We Are Sick of Not Being Heard [VIDEO]

By Julianne Hing Apr 08, 2009

Lucila DeLoera of Nampa, Idaho, took her 75-year-old mother Maria to a local hospital for knee surgery. But Maria couldn’t understand her nurses and none of them spoke Spanish either. Because of work, Lucila couldn’t be with her mother at all times. At one point Maria needed help going to the bathroom and the nurse left her, even though she asked for help. DeLoera’s mother fell, reinjuring her knee because she wasn’t supposed to be walking alone. That accident prolonged her recovery by more than six months. Unfortunately, stories like Maria’s are all too common. Title VI of the Civil Rights Act of 1964 requires hospitals that receive federal money (through programs like Medicaid and Medicare) to provide language access services. But the laws suggest enforcement of the law through voluntary compliance. Now, we know how far that usually gets communities of color. The Northwest Federation of Community Organizations, which launched its Healthcare Equality Project recently, found that hospitals may have a few brochures in other languages on site to satisfy Title VI, and even fewer have interpreters available f to answer questions. When hospitals don’t provide interpretation, the burden usually falls on family to fill in the language gap. Very often, that person is the child of a sick parent. Amal Abduhlrahman shared her story on RaceWire last month about being her father’s interpreter while he was sick in the hospital.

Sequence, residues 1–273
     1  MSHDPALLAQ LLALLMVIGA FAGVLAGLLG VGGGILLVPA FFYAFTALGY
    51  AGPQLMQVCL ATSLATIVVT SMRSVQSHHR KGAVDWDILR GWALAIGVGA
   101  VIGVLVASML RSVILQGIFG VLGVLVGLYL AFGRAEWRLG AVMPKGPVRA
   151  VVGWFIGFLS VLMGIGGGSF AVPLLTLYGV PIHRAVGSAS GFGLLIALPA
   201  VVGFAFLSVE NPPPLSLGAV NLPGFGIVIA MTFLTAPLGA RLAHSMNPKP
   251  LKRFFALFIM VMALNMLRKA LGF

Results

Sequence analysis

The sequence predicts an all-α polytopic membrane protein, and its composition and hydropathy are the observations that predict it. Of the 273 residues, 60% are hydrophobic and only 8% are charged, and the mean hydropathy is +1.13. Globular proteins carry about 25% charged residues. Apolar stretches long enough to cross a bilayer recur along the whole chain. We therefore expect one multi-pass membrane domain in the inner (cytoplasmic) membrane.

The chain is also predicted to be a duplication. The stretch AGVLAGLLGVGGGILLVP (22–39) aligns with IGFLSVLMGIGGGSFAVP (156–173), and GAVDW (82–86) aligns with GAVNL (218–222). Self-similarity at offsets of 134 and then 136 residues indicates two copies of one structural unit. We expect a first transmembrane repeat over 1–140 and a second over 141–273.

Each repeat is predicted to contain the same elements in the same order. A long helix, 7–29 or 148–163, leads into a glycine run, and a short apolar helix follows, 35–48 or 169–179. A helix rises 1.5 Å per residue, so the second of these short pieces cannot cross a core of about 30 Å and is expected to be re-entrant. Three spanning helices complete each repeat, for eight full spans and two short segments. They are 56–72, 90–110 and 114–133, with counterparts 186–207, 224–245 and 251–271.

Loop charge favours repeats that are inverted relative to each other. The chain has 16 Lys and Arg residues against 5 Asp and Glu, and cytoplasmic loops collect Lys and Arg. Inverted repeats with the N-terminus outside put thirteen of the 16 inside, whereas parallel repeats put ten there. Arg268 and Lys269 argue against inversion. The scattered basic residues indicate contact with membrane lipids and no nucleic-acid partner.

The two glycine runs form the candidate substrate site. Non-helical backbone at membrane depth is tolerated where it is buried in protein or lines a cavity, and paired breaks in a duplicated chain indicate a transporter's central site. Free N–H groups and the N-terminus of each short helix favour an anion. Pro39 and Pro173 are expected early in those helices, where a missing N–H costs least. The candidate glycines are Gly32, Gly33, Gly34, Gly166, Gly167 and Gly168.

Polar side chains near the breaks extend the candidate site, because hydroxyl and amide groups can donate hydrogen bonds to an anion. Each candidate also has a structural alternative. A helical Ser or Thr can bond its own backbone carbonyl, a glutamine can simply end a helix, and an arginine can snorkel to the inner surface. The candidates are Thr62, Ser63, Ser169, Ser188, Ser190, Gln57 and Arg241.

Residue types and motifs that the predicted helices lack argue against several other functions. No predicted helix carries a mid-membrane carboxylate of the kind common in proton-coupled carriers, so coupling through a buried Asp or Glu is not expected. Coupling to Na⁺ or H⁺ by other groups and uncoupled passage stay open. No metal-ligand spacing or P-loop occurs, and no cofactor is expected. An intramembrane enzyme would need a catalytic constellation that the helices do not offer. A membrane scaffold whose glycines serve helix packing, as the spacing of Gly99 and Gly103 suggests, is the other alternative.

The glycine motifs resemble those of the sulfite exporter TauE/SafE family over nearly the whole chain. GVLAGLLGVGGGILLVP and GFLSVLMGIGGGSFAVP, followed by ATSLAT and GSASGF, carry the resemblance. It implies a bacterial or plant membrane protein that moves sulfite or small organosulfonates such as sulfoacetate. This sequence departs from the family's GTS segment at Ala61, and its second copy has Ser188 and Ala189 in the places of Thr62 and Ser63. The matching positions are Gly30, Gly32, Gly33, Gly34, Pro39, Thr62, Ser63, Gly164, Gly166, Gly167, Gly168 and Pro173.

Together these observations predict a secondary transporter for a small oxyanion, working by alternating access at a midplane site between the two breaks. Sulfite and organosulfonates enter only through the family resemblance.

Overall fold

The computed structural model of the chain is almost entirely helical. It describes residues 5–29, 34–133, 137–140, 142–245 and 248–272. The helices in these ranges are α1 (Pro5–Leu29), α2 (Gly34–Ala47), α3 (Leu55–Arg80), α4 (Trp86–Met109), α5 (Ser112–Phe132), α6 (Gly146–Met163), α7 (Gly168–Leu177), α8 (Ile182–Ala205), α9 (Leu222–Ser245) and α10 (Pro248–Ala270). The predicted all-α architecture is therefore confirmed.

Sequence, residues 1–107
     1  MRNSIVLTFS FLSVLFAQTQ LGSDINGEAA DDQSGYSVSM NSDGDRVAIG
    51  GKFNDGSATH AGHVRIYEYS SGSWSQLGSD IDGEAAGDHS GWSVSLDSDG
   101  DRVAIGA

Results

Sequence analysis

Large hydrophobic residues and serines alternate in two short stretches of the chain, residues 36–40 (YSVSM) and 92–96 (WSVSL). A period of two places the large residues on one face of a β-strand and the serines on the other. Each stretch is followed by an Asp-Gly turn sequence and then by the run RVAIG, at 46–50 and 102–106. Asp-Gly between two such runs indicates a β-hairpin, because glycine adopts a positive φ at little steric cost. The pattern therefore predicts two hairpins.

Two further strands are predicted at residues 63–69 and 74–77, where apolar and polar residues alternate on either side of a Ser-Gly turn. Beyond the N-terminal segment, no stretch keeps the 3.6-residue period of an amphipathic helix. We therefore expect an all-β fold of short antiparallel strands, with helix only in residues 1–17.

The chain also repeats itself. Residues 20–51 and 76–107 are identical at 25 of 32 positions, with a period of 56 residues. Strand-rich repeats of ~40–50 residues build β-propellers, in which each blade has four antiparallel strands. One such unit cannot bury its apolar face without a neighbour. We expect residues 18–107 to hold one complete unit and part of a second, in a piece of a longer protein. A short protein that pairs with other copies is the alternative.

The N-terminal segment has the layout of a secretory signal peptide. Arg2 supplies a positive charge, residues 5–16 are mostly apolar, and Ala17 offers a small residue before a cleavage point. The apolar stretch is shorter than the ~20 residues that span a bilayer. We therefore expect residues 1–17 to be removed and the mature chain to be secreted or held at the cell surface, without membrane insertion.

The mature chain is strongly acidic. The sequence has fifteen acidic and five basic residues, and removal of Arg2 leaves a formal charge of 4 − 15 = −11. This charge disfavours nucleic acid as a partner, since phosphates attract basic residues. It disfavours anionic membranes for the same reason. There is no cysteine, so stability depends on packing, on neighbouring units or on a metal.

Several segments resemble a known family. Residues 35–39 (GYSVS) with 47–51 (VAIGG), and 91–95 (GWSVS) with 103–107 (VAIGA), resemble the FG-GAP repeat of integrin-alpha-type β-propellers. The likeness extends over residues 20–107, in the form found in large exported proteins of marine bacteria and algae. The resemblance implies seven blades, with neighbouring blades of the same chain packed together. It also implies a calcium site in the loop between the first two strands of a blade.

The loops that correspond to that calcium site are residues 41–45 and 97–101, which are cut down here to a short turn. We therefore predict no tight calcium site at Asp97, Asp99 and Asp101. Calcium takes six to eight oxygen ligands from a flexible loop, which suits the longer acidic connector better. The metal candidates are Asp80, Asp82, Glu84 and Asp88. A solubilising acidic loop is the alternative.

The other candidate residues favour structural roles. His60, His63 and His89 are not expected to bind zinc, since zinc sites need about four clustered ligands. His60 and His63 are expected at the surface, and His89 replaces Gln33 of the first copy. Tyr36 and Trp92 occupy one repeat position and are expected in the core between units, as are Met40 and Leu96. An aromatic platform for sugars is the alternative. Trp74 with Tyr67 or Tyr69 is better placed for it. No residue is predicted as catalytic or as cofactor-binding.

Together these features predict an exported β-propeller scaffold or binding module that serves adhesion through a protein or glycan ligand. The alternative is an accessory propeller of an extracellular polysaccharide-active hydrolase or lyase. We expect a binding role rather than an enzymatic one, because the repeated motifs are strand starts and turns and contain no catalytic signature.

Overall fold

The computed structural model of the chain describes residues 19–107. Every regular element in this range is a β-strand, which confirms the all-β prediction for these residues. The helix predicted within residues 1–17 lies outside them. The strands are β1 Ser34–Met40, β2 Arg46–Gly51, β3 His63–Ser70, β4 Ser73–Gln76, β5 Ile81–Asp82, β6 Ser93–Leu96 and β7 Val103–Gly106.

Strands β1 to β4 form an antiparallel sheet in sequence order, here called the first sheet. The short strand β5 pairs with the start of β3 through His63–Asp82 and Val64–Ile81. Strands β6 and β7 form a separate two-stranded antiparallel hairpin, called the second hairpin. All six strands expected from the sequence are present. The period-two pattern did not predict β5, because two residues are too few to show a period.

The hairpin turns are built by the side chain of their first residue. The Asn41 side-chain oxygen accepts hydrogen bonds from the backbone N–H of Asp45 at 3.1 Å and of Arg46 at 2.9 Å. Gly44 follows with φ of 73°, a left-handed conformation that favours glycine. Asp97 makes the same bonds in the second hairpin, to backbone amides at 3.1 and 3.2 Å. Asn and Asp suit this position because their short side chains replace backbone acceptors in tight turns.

At the age of 14, I was more his interpreter than his daughter. I found it hard to be around kids my age who were busy worrying about final projects or exams because I had other major issues to worry about. I worried about how I would tell my father that another part of his leg would be amputated or whether he was going to survive another surgery. Sometimes I would spare my father bad news despite the doctor’s orders. I would decide whether or not to tell the nurse if my father had eaten that day based on the pain the IV would cause him.

About 47 million people in the U.S. speak a language other than English at home, and as recently as 2006, 63% of hospitals were treating patients who needed interpretation services. And while the demand here is not that every hospital have someone on staff who speaks every language on the planet, hospitals need to have a plan based on the demographics of their locales. Our lives depend on it.